Business Secretary Alok Sharma has been tested for coronavirus after becoming visibly unwell in the House of Commons chamber.
He was travelling home to self-isolate after he struggled during a speech at the despatch box during the second reading of the Corporate Insolvency and Governance Bill on Wednesday.
The suspected case of Covid-19 in the chamber came a day after MPs approved the Government’s plan to end virtual voting in the Commons, prompting renewed calls for the system to return.
A spokeswoman for Mr Sharma said: “Secretary of State Alok Sharma began feeling unwell when in the chamber delivering the second reading of the Corporate Governance and Insolvency Bill.
“In line with guidance he has been tested for coronavirus and is returning home to self-isolate.”
During the debate, he was seen wiping his face with a handkerchief several times and his opposite number in Labour’s shadow cabinet, Ed Miliband, passed him a glass of water at one point.
A House of Commons spokeswoman said “additional cleaning” had taken place following the suspected case of Covid-19.
Labour shadow minister Toby Perkins had raised concerns over Mr Sharma’s appearance in the Commons earlier in the day, and later doubled-down on his criticism after learning of the test.
“This is ridiculous. It was clear that Alok Sharma looked unwell,” he said.
“If there are now fears that he may have Covid-19 and he hadn’t already tested negative, it was the height of irresponsibility for him to be in Parliament sniffling, sweating and snorting from the despatch box.”
The despatch box was being wiped down between exchanges, but the scheduled pause after the Bill’s reading went on for longer than expected and journalists were unusually asked to leave the press gallery.
The size of the chamber has made it difficult for some MPs to keep their distance as they try to swap seats or move around.
Earlier in the day, Boris Johnson ended PMQs by heading towards the chamber exit but stopping for a chat with a Conservative colleague, thereby walking over hazard tape on the floor designed to encourage MPs to keep two metres apart.
Labour’s shadow foreign secretary Lisa Nandy said: “The Government stopped MPs from working from home and asked us to return to a building where social distancing is impossible.
“MPs are travelling home to every part of the country tonight. Reckless doesn’t even begin to describe it.”
Digital voting in the Commons was ended on Tuesday when MPs approved a Government motion introduced by Commons Leader Jacob Rees-Mogg despite widespread objections.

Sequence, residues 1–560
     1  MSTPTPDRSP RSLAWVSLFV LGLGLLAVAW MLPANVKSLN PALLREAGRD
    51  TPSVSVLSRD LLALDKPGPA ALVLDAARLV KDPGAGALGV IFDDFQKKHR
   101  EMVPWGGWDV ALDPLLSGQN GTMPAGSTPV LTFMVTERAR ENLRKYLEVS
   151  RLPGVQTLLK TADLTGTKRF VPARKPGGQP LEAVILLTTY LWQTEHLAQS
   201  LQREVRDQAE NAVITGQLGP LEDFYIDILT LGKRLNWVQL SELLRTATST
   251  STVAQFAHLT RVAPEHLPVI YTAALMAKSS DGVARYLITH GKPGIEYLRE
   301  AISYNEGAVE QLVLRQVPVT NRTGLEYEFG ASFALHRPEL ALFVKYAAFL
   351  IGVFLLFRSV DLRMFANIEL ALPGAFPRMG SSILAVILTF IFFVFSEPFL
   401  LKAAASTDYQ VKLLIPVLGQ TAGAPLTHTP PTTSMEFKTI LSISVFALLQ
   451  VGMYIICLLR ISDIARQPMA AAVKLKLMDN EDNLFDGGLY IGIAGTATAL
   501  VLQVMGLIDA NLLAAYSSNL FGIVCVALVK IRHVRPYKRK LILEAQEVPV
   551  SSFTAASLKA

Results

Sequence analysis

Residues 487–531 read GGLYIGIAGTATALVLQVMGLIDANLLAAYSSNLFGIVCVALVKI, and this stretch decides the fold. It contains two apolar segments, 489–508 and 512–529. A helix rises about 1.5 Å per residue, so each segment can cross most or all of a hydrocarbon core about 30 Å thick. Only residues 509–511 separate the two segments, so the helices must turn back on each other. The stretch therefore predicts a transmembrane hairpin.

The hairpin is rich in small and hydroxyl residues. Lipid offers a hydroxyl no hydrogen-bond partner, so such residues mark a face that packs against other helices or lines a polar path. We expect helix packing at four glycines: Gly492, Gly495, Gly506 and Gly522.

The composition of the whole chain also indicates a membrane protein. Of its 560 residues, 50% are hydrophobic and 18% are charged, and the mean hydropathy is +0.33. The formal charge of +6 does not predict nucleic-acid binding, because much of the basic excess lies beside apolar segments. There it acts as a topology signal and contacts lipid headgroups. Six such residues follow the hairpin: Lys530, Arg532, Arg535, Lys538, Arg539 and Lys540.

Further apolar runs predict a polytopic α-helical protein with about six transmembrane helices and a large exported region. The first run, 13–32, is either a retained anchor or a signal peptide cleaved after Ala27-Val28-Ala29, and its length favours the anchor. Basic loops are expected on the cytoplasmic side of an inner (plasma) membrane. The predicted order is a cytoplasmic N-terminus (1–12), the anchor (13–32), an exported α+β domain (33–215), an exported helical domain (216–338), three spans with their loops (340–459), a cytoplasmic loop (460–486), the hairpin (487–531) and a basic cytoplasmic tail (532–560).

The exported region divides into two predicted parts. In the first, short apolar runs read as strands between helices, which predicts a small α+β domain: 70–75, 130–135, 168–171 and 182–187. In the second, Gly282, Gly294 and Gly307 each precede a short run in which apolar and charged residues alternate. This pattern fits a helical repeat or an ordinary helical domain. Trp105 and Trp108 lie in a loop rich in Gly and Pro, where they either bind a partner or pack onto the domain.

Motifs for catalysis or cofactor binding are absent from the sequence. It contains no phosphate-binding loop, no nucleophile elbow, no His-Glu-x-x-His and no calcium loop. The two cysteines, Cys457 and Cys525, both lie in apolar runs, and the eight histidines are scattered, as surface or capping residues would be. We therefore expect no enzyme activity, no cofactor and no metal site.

Senior Conservatives, opposition groups and the equalities watchdog raised concerns that the move would prevent many MPs, particularly the elderly and vulnerable ones who are shielding, from being able to vote.
Chaotic scenes unfolded in the Commons when MPs formed a long queue snaking through Parliament so they could maintain social distancing while voting on the motion.
But Secretary of State for Northern Ireland, Brandon Lewis MP, told ITV News that Parliament has reopened "in a manner that follows the guidelines".
"I think if you look at what's happened in Parliament, the house authorities have done what we're directing businesses across the country - as they gradually reopen - to do," he said.
"Which is to do so in a manner that follows the guidelines, that has proper good social distancing and protects people's health and safety".
Brandon Lewis MP says if Mr Sharma tests positive for Covid-19 he will be entered into NHS Test and Trace system:
Mr Johnson on Wednesday dismissed complaints over the system, saying: “I do not think it’s unreasonable that we should ask parliamentarians to come back to this place and do their job for the people of this country.”
But Labour leader Sir Keir Starmer said the scenes were “shameful” and pushed the Prime Minister to end the “completely unnecessary and unacceptable” process.
Mr Miliband, who could potentially be contacted by NHS contact tracers and asked to self-isolate if Mr Sharma was to test positive for Covid-19, sent his “best wishes” to the Business Secretary for a quick recovery, adding: “Hope he feels better soon.”
The SNP’s deputy leader in Westminster Kirsty Blackman said the suspected case demonstrates “just how ridiculous and irresponsible the Tory Government’s decision to end virtual participation in Parliament was”.
“They must now rectify this serious mistake and reintroduce hybrid proceedings without delay,” the MP added.
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